Consumer Confidence Dipped Slightly in April: Conference Board

More Americans expect job availability to decrease rather than increase in the next six months
shopper looking at shelves
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U.S. consumer confidence edged down slightly in April after a rebound in March, according to the not-for-profit Conference Board, as rising interest rates dimmed some spending plans and consumers' concerns about inflation remained elevated.

The Conference Board's Consumer Confidence Index now stands at 107.3, down from 107.6 in March (with a 1985 baseline of 100), the New York-based think tank reported April 26. That small decrease was driven by a dip in consumers' assessment of current business and labor-market conditions; their outlook for six months hence, while still trending below 100, improved slightly—to 77.2 from 76.7.

The fact that consumers' short-term outlook didn't decline further in April is notable, suggested Lynn Franco, The Conference Board's senior director of economic indicators. "Expectations, while still weak, did not deteriorate further amid high prices, especially at the gas pump, and the war in Ukraine," Franco said in a statement. And while consumers cooled their heels on vacation planning somewhat in April, more consumers than in March said they're planning purchases of big-ticket items such as vehicles and appliances in the next six months.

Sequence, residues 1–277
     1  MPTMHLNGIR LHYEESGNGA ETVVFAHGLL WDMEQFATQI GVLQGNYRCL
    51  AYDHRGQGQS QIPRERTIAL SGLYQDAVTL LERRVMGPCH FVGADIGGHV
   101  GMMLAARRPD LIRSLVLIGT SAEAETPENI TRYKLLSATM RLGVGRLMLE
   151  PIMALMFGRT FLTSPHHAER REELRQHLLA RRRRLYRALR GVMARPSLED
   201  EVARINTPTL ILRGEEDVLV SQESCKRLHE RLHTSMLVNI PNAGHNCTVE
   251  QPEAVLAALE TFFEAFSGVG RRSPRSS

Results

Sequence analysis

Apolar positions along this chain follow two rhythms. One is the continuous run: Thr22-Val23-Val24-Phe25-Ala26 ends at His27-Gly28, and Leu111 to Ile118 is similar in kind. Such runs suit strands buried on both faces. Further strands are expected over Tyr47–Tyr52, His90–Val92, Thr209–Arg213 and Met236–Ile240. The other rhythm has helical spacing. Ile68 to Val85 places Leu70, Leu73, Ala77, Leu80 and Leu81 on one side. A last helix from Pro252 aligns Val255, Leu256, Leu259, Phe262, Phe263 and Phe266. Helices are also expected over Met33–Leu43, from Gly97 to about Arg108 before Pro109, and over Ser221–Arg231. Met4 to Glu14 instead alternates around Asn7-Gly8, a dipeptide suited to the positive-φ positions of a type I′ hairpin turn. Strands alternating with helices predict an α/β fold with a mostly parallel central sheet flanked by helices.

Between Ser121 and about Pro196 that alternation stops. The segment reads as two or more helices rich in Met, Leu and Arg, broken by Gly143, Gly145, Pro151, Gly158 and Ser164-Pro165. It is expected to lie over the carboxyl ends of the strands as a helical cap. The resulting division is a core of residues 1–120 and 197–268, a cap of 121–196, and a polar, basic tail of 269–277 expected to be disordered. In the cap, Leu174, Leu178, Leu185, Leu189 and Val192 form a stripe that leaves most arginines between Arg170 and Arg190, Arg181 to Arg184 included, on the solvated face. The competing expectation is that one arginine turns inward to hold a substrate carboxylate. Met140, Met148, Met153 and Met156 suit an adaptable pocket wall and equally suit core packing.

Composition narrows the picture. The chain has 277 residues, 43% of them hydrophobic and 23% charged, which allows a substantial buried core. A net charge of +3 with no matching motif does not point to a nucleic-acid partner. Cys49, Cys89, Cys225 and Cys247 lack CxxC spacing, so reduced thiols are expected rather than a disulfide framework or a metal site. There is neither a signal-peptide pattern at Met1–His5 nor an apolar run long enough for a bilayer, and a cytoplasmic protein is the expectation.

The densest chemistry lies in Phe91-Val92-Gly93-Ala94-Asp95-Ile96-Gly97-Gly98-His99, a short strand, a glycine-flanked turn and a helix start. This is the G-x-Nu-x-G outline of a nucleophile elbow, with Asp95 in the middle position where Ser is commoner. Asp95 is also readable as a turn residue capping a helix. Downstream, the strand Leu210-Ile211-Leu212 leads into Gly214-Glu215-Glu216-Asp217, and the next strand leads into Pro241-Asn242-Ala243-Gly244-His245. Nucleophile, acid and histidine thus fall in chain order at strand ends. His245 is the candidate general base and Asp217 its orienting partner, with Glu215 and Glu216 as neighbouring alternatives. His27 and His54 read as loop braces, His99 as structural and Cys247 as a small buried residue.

Americans moved toward both sides of the economic-analysis spectrum in April: Relative to March, a larger share of consumers this month described current business conditions as "good" (20.8%, up from 19.6%), but a larger share than in March also called conditions "bad" (21.9% vs. 21.4%). 

Consumers' view of the current labor market dimmed slightly, too, with 55.2% of U.S. consumers in April saying jobs are plentiful, down from 56.7%. Consumers also were more likely to expect job availability to decrease rather than increase in the next six months.

"Concerns about inflation retreated from an all-time high in March but remained elevated," Franco said. "Looking ahead, inflation and the war in Ukraine will continue to pose downside risks to confidence and may further curb consumer spending this year." 

Another reading of U.S. consumers' economic attitudes, the University of Michigan's final Index of Consumer Sentiment for April, is slated to be released April 29. That index showed signs of improvement earlier this month, but 2022 readings remain at the lowest levels in a decade, according to survey chief economist Richard Curtin. 


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